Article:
“Muslims laughing” at Notre Dame and fact-checking photos in the era of false news

Within hours of the first spark of a fire that damaged Notre Dame Cathedral in Paris, people on social media started sharing an image of two men ducking under what looks like police tape as the cathedral burned behind them.

One Facebook post, which was shared more than 2,000 times, had this caption: "Muslims laughing while Notre Dame is burning." Commenters piled on.

"Islam sucks," one person wrote. "Burn their A-- out," someone else said.

That post was flagged as part of Facebook’s efforts to combat false news and misinformation its News Feed. Editors at PolitiFact, which has a partnership with the social media company,  decided we should fact-check the claim that Muslims were laughing in front of the fiery cathedral.

I started to look into the claim the same way I check other questionable Facebook photo posts. I did reverse-image searches for the picture in Google Images and TinEye. Sometimes those websites can lead fact-checkers to evidence that a photo was manipulated; we’ll find the original, unedited image in the search results. Take this photo that appears to show President Donald Trump in blackface, for example. The real photo sans blackface is on the Getty Images website.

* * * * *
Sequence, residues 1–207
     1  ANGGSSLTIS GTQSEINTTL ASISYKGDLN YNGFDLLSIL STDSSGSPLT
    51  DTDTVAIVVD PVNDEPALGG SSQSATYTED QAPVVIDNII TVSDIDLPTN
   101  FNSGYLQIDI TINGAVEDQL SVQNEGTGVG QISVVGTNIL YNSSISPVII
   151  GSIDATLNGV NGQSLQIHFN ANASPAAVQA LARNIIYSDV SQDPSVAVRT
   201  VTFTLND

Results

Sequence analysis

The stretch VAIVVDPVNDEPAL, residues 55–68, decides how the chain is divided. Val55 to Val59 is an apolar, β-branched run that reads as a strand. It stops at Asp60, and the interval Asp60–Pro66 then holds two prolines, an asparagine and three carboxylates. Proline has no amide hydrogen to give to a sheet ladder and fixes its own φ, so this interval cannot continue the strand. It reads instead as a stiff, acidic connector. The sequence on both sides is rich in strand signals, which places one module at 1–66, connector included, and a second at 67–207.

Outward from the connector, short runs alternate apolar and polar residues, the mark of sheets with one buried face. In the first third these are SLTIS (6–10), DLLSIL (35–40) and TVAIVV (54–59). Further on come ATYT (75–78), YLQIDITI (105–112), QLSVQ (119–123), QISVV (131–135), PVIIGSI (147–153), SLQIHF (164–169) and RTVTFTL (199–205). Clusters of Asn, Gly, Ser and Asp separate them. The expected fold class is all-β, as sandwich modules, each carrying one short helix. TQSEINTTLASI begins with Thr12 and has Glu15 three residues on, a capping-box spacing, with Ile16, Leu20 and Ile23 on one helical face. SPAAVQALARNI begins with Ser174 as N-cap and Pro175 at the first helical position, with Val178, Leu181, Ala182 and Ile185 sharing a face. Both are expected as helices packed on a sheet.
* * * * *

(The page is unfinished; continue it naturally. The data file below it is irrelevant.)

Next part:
In this case, though, we only found instances where the Notre Dame photo appeared elsewhere. It was posted on the website of Sputnik, a news organization run by the Russian government. The image of the men, which has a Sputnik copyright symbol below it, is part of a 9:29 p.m. update about the fire that says "evacuation underway at Notre Dame Cathedral, Paris’ Ile de la Cite."

We tried to find information about the men in the photo and we discovered nothing that confirmed they were Muslims. The image was taken from Sputnik’s site and was wrongly being used to support claims that the cathedral fire was a terrorist attack, fueling anti-Muslim rhetoric, and it lacked context about what was happening in the picture. For these reasons, we decided it warranted PolitiFact’s Pants on Fire rating.

But what about the photo?

After we made that determination, we heard back from one of several digital forensic experts we reached to out to. The National Center for Media Forensics at University Colorado Denver pointed us to this version of the image, which its researchers said appeared online before the Sputnik story. Analyzing that image, the researchers concluded that the men were inconsistent with the rest of the photograph.

"The two front persons are inserted," Catalin Grigoras, the center’s director, told PolitiFact in an email. He also noted that zooming in on the right cheek of the man standing on the right reveals obvious editing.